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Holliday exits with tight right hamstring

Holliday exits with tight right hamstring

Holliday exits with tight right hamstring

CHICAGO -- Matt Holliday was pulled from Thursday's 3-0 loss to the Cubs in the fourth inning after grabbing his right hamstring while running to first on a groundout.

Holliday was replaced by Matt Adams, who came in to play first while Allen Craig took Holliday's spot in left field. The Cardinals confirmed the injury as right hamstring tightness and Holliday spent the rest of the game soaking his leg in an ice bath.

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"It feels all right," Holliday said after the game. "It feels stiff, but I've been in the cold tub, so it's going to be stiff. It kind of grabbed me a little bit, so we'll see how it feels. I've been icing it and getting treatments, so I think I'll have a little better feel of what it looks like [Friday] and hopefully be able to be day to day and then be able to use the break and it'll be all right."

Holliday's batting average was up to .269 prior to the game. He'd clubbed 13 home runs and driven in 47 while occupying the third spot in the Cardinals' batting order. He was also third in the National League in runs scored (64) and had reached base by hit or walk in 42 of the previous 47 games.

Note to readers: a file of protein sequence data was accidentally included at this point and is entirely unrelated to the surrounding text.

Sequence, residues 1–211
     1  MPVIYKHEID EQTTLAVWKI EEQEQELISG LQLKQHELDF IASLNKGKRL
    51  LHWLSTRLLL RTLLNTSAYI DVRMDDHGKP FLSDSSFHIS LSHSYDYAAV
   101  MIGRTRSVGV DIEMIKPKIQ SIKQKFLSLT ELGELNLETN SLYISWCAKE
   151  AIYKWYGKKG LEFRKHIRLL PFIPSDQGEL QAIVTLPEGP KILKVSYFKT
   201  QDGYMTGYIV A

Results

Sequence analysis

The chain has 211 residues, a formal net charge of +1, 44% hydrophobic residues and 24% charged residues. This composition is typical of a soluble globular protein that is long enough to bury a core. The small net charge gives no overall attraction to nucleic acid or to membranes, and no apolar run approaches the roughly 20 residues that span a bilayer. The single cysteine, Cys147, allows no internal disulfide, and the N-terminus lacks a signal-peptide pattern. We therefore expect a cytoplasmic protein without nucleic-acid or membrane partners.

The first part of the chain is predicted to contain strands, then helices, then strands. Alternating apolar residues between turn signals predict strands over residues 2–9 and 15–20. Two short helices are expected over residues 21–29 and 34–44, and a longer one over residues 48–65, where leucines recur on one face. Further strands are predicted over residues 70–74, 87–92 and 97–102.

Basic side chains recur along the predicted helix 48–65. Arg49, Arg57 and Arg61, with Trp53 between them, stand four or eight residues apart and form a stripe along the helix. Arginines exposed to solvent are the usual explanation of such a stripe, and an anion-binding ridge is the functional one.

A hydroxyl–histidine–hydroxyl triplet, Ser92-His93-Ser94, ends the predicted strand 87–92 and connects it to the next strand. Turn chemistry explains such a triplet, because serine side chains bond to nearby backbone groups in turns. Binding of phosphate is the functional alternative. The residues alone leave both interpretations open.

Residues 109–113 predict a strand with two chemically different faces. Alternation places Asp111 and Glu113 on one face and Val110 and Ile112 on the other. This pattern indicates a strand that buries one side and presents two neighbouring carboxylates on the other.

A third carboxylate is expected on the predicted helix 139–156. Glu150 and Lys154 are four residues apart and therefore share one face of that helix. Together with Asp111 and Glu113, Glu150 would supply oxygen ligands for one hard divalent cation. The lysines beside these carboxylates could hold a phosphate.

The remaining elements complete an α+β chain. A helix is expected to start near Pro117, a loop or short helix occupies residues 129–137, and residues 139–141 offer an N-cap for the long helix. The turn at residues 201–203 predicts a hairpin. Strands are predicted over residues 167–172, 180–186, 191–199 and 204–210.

He's hoping the timing of the injury might be somewhat fortunate, considering the All-Star break will add more time off to whatever amount he will likely miss this weekend against the Cubs.

"If you can get four days to maybe stay away from the disabled list, that'd be ideal," Holliday said.

Holliday was able to leave the field and head up a flight of stairs leading to the visitors' clubhouse at Wrigley Field, so the Cardinals are hoping that's a good sign.

"It looked like halfway down [the first-base line], it just grabbed him," Cardinals manager Mike Matheny said. "So, that is the hamstring and we're just waiting to see the severity of it right now. He was able to get up here [to the clubhouse], but it was obviously not good."

Brian Hedger is a contributor to MLB.com. This story was not subject to the approval of Major League Baseball or its clubs.

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